Court Rules Union Contracts Mean Membership
Burn, Timothy, The Washington Times (Washington, DC)
The Supreme Court yesterday delivered a blow to labor opponents by ruling that union contracts can require mandatory membership without clarifying that workers do not have to pay full dues for representation.
The high court ruled unanimously against part-time actress Naomi Marquez, who accused the Screen Actors Guild of intentionally deceiving her with contract language that requires working actors to be a "member of the union in good standing."
More than 80 percent of all union contracts in the United States include similar phrasing, which is pulled directly from a clause in National Labor Relations Act. The clause indicates that workers are not legally required to pay fees for union activity that is unrelated to negotiating work rules with employers, such as political action.
The National Right to Work Legal Defense Foundation, which assisted Ms. Marquez in her case, had hoped that a ruling in her favor would have prompted a tidal wave of challenges to existing union contracts.
The foundation, a nonprofit organization providing free legal help to workers litigating against unions, has filed dozens of lawsuits against the labor groups accusing them of using millions of dollars in dues to promote a political agenda that many workers do not agree with.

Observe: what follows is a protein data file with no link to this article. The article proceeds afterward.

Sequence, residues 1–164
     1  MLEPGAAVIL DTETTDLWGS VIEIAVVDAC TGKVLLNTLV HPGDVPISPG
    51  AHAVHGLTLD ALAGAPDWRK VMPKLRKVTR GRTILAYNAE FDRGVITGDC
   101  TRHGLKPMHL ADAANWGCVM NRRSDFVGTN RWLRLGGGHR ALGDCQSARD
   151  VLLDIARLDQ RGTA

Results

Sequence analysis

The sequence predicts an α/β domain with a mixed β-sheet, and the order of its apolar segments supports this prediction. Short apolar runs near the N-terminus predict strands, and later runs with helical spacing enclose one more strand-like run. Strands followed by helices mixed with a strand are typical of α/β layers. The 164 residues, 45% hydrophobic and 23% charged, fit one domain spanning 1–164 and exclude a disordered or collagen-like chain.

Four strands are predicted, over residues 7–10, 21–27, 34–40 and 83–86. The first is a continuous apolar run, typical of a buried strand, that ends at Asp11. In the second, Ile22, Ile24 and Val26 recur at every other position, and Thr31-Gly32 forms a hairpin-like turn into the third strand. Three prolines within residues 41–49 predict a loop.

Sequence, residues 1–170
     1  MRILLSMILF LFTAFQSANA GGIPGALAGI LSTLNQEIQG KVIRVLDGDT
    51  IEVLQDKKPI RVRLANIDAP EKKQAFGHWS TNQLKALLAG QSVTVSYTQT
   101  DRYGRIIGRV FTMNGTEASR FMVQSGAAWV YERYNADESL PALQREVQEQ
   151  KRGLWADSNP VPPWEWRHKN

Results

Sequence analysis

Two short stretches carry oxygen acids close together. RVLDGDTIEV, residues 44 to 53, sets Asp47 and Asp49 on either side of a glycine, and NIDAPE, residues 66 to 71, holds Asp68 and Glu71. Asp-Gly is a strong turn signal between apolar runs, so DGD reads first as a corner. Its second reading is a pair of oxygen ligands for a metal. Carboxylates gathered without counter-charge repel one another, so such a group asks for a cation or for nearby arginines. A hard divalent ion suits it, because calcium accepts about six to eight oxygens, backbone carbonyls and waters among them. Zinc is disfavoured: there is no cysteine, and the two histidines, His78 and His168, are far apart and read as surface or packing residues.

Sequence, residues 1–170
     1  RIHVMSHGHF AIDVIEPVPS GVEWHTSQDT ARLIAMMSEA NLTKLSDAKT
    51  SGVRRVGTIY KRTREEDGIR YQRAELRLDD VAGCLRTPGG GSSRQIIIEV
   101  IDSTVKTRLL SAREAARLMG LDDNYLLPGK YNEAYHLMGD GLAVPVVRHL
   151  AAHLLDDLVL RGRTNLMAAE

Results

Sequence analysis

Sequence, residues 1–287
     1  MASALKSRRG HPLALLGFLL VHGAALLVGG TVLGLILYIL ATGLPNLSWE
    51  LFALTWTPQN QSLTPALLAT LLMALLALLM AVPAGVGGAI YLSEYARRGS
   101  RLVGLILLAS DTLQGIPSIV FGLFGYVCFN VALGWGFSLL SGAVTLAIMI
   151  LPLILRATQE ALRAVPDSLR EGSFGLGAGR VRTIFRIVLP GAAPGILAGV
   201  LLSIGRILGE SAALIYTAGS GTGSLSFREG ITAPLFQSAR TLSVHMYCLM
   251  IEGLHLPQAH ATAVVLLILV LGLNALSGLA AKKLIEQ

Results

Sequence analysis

"I think this ruling simply shows that the further you go up the court the further you get from the shop floor," said foundation Director Stefan Gleason.
"These contract clauses are literally shoved in workers' faces and they are led to believe that they have to fully join unions to get hired. That is a lie."
SAG attorney Leo Geffner argued successfully before the court that the wording the union used was clear.
That language "is a shorthand description of workers' legal rights," Justice Sandra Day O'Connor wrote for the court.
Union contracts need not spell out the limits on union-membership requirements, she said, adding, "We conclude it may be perfectly reasonable for a union to use terms of art in a contract."
The justices also agreed with Mr. Geffner that to require further clarification could have forced a majority of unions to renegotiate contracts, creating havoc among workers and their employers. …